Arca is a genuine talent with a commendable production history, but his step out of the shadows feels half-hearted.
It’s always the risk for producers, producing a full-length solo album. No matter what genre(s) you produce for, or amount of artists you attract to then back you for solo success, doing an LP on your own terms, with your own decisions, is tough going. How do you discover your own distinctive sound when you’ve spent the last months/years cultivating others?
You can of course, take inspiration from your work with the others. An example of this working well would be 2016’s 99.9% album from Canadian producer and all round good egg KAYTRANADA, that while coming together like a collection of singles with a vast array of features, had the overall result of a meshed together, upbeat and structured piece of work.
With Venezuelan born Arca, however, it is not that the structure is lacking on his self-titled third studio album. It is more that the structure plays such a key role that for at least three quarters of Arca we are not allowed any further than skin deep into what could have been a really distinctive album in terms of sound.
The moodiness and brutality symbolised in part by the unsettling album cover is something that comes across throughout the entire LP, particularly in songs such as Saunter and Reverie. However, it is only really in these two songs that we get to see the darkness and melancholy that was surely the ambition of this album to portray really flesh itself out.
Far too often songs start with attention-grabbing drums, impossibly rich basslines, and vocals that feel like they’re wrapping you in barbed wire yet comforting you at the same time, and then, well, nothing. You get the feel for something to take over what you’ve heard in the first 30 seconds of the song, and then you get two minutes or so of at best complete stasis in terms of quality, and at worst quite sharp decline.
None of these particular moments are more disappointing than on Anoche, a song that could be so much more than its eventual collapse into mediocracy. You practically beg for the song to stumble across the line, so lacking is it in ideas.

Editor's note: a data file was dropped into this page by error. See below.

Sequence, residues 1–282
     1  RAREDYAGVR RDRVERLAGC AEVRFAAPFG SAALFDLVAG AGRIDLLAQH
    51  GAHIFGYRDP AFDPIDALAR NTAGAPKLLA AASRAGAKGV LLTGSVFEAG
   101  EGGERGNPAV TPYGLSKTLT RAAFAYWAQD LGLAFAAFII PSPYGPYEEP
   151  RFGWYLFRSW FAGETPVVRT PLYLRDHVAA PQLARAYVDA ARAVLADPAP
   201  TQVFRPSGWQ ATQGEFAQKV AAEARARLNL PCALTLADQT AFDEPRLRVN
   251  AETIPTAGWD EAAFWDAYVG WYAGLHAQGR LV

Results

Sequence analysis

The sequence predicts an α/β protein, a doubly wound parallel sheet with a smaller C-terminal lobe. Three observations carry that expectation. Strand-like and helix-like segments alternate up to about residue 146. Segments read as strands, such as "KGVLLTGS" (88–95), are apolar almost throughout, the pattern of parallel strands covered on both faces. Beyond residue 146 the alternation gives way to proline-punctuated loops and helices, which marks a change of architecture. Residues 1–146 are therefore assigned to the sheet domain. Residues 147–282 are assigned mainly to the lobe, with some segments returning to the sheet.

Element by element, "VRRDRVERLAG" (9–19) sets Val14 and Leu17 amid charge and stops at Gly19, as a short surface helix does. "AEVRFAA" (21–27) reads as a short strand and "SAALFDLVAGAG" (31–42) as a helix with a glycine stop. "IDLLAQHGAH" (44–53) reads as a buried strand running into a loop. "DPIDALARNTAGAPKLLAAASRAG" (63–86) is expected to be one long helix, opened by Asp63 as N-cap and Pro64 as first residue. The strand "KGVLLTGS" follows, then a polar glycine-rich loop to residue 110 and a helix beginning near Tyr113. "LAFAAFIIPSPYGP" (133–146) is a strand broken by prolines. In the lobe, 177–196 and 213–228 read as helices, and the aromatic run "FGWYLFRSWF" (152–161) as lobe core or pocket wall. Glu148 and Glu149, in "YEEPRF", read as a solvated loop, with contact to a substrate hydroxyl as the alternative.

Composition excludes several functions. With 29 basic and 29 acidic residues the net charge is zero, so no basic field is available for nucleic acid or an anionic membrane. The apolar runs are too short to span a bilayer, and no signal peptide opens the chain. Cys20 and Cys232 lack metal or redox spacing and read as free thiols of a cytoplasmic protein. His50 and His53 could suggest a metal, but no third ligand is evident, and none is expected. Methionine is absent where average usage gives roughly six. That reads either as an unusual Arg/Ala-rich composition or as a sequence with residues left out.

Given the list of previous works on Arca’s CV, you wonder how working with artists such as Bjork and Kanye West (on the controversial but undeniably exciting Yeezus no less), it only adds to the frustration that this album plays like a collection of ghostly, haunting standalone beats that would be better served shortened, sampled and placed on other artists such as Kanye’s and FKA Twigs (another long-time collaborator) work.
There is scope for improvement here. Arca is clearly an exceptionally talented producer, that’s in no doubt. The production on the album itself is sublime in its intention to make something more melodic and approachable than we’ve heard on his previous album Mutant, which was altogether louder, beastlier, and hair-raising, but more scattergun and fractured at that very same cost.
It seems evident that the desire from Arca was to make more of an actual album than his previous work, and in that regard he hasn’t failed, the disappointment from me stems from the fact that that desire for consistency and digestibility, we’ve lost at least some of the sparkle that made A-list musicians want to use his talents in the first place.